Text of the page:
addition of a new feature to the geometric network and automatically displays the
attribute interface to the user. When a new feature is created, the application adds it to
the Geodatabase, sets any default values based on established Geodatabase rules, and
allows the user to enter any attribute information immediately.
Integration with Billing System
After completing the data conversion process, the focus of the project shifted to
integrating the new GIS database with existing non-geographic data management tools.
ACSA currently uses a mainframe billing database and server for water meter
information. However, to provide a more efficient means for retrieving this information,
a custom billing application was developed to incorporate the billing data with the meter
data in the Geodatabase. This application allows the user to obtain current and past
billing information for a chosen water meter, search for meters meeting certain criteria, or
to select data for calculations and analysis. The application provides powerful graphing
functions to allow the user to view billing history data and other information.
Utilizing Existing Analysis Tools
ACSA also wanted the ability to extract new data from the Geodatabase for use in its
water modeling software. Many organizations and local governments are reluctant to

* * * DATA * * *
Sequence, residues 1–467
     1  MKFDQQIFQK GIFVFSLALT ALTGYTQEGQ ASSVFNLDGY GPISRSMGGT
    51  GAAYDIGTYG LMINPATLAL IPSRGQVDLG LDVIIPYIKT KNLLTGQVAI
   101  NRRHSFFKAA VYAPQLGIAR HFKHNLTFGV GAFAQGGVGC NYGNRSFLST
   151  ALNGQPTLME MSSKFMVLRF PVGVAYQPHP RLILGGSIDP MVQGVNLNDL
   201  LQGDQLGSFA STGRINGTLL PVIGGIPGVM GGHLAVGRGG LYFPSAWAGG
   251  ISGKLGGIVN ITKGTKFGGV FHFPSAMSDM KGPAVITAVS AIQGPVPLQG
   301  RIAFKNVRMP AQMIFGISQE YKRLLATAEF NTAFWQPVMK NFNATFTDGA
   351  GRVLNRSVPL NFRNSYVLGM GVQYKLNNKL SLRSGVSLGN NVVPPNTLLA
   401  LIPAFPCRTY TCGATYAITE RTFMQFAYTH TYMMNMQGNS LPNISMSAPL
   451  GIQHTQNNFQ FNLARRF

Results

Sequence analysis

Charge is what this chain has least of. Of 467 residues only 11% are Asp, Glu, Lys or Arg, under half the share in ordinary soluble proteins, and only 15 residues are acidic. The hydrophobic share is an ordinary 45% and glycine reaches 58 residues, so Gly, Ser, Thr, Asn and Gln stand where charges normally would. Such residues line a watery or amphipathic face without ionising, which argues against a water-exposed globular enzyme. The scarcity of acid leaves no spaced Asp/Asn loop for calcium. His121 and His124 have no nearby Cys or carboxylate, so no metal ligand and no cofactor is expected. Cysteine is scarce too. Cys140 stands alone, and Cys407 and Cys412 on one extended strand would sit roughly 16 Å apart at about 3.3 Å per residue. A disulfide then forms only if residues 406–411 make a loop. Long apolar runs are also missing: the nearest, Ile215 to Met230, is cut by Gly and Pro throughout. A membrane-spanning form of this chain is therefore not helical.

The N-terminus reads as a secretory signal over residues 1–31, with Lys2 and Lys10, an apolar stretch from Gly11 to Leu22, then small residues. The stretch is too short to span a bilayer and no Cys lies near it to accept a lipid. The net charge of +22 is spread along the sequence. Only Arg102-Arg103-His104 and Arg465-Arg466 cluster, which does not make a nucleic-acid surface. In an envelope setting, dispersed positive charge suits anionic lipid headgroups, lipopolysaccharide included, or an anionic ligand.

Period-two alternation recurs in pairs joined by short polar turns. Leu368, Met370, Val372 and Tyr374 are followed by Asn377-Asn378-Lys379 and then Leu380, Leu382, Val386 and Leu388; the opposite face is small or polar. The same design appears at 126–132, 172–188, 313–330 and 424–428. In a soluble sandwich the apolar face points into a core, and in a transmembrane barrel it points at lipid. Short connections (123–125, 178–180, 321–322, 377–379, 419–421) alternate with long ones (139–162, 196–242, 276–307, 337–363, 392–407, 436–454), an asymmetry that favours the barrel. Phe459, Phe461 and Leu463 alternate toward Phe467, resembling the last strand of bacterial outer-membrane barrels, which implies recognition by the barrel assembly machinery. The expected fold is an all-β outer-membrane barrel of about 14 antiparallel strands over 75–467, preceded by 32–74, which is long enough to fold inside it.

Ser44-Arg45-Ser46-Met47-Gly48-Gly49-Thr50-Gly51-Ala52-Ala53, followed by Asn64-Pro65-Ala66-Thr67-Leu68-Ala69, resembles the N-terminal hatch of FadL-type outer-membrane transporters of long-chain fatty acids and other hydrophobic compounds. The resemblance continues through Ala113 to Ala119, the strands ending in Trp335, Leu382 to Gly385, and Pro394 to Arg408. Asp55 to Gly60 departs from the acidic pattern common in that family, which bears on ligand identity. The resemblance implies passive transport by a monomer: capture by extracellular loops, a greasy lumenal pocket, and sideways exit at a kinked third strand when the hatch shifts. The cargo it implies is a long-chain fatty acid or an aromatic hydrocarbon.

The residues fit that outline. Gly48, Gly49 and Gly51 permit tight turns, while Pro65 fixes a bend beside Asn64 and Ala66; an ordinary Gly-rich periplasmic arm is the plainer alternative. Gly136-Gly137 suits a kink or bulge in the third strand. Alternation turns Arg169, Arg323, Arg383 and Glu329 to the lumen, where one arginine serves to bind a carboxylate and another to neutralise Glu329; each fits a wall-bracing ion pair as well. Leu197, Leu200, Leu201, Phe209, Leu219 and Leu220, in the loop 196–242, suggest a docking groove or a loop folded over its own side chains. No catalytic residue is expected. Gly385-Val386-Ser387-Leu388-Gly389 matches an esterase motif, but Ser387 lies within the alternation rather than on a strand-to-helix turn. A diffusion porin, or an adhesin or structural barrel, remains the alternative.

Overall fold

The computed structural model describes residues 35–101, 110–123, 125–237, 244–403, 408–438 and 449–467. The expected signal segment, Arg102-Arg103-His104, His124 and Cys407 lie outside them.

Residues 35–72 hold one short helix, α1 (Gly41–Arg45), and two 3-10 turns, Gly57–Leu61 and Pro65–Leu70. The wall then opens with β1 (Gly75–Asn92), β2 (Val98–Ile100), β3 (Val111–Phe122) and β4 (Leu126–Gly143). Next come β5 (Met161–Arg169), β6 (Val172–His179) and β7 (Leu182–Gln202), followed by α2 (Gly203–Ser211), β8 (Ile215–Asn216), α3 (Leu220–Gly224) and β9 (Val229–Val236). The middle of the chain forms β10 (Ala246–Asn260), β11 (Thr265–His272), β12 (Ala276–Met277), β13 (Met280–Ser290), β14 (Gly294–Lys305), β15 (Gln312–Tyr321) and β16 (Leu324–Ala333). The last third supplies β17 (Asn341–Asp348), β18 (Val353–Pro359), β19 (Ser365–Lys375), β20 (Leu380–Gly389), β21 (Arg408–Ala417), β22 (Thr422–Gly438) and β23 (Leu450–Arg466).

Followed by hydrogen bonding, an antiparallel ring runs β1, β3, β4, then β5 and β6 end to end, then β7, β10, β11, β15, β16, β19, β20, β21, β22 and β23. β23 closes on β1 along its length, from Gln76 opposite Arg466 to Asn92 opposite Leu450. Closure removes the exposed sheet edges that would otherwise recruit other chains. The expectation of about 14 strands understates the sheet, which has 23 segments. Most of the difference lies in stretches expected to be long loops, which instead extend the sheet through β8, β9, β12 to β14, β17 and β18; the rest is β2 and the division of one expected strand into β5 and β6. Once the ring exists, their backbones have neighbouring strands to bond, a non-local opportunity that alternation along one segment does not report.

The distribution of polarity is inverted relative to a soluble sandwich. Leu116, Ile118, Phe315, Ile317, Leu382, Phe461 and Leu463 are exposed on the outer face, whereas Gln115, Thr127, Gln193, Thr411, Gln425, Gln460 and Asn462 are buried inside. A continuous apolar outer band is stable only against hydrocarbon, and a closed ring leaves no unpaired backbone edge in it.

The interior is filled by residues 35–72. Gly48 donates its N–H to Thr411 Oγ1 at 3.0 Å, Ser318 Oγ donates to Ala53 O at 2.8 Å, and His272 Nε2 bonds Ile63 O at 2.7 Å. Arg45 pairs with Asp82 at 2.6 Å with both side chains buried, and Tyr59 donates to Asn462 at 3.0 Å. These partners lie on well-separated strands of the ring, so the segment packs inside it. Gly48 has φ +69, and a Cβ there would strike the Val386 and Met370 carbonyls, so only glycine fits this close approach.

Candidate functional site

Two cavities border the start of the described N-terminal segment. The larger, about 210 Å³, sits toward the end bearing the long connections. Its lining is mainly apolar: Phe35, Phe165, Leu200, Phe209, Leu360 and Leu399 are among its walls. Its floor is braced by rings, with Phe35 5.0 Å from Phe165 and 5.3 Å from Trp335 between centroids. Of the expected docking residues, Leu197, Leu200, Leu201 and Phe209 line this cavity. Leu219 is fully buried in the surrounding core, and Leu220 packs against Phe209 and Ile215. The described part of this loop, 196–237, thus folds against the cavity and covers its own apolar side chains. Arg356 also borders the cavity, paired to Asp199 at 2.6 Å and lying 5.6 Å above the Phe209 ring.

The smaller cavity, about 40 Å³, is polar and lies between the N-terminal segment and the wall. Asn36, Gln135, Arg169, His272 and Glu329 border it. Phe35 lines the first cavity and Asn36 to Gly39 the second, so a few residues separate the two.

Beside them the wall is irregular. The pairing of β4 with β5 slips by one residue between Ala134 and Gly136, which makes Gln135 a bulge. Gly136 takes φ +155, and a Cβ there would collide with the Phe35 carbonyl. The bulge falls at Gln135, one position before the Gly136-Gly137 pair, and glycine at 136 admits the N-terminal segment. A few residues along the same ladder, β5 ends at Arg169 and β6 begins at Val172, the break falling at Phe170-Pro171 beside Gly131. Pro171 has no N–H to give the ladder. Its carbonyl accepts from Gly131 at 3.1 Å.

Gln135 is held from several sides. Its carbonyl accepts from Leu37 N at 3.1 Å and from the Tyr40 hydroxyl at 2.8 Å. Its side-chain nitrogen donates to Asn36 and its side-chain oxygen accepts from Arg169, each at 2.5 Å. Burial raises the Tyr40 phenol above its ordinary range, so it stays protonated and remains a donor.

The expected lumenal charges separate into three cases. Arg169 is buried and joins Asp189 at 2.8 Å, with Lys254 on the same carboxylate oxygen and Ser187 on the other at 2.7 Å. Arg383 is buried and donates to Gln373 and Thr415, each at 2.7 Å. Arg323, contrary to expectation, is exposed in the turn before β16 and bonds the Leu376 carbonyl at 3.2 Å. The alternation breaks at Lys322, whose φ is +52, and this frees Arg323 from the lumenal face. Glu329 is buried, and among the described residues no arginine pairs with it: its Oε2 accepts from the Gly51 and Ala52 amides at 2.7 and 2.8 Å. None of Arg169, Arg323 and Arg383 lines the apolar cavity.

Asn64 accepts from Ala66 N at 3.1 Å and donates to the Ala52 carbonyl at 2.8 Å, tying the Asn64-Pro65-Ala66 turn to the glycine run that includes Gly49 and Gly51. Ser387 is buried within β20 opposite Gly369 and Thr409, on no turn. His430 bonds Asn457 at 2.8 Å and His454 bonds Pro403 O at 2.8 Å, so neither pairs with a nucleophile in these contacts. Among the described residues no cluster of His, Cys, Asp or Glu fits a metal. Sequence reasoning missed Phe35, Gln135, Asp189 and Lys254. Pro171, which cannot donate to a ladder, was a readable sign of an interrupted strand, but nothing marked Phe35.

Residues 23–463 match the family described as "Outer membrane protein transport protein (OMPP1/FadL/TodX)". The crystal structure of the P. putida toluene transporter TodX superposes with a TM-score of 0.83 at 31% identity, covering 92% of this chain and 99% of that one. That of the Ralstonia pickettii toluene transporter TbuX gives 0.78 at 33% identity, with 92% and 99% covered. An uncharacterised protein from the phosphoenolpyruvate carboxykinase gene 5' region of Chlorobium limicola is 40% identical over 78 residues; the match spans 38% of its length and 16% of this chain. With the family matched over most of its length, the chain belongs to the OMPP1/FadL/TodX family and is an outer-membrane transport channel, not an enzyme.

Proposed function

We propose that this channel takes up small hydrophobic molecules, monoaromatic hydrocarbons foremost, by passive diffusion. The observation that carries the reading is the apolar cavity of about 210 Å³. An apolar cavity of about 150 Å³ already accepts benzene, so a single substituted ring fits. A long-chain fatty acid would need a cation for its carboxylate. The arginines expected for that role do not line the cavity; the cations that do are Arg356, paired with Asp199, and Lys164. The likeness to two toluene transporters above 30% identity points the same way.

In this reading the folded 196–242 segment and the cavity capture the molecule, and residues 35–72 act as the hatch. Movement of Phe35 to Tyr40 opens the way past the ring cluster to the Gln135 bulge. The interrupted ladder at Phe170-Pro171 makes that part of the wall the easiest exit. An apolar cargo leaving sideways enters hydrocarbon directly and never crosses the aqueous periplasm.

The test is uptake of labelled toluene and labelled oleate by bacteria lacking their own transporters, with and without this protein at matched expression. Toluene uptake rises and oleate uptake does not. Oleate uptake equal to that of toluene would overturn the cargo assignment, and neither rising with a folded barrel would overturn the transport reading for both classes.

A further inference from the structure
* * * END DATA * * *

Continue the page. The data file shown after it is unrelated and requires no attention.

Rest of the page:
upgrade to an advanced GIS, because they rely on older, established analysis software.
These existing software packages often require data in a very specific format. Converting
the new data format to match the previous data format can be difficult. This occurred
with ACSA's water modeling software, H20Net Analyzer by MWH Soft, Inc.
H20Net is an AutoCADD-based water analysis program. Its data format differs greatly
from the traditional GIS standards used in Geodatabase data. For example, valves
normally represented as points in GIS need to be line segments in H20Net. To correct
this, a custom tool was developed to convert existing GIS data to the required data format
for H20Net. The export tool was developed in ArcGIS 8.1 using ArcObjects and VBA.
All attribute information was populated and converted to meet H20Net's demands. This
resulted in a tool that successfully exports data from the Geodatabase into shapefiles,
formatted for importing directly into H20Net for analysis.
So far, ArcGIS and Geodatabase have only been implemented in one of ACSA's service
areas. Austin expects the system to be in operation county-wide within three to four
years. "I'm looking forward to it being completed," said Austin. "I think it's going to be
a very useful tool for us [ACSA] and the community. From an engineering/customer
service standpoint, it's going to greatly improve how we can respond to customer service
In the future, ACSA is considering moving from a personal Geodatabase to an ArcSDE
solution. ACSA is also looking into the possibility of hosting its GIS online for other
ACSA employees and the public to use.
For more information, visit GeoDecisions on the web at http://www.geodecisions.com or
contact Donald Cole, vice president, GeoDecisions, at (757) 873-0768 or
email@example.com. ACSA is online at http://www.acsawater.com or contact Troy
Austin, project engineer, at (540) 245-5670 or firstname.lastname@example.org.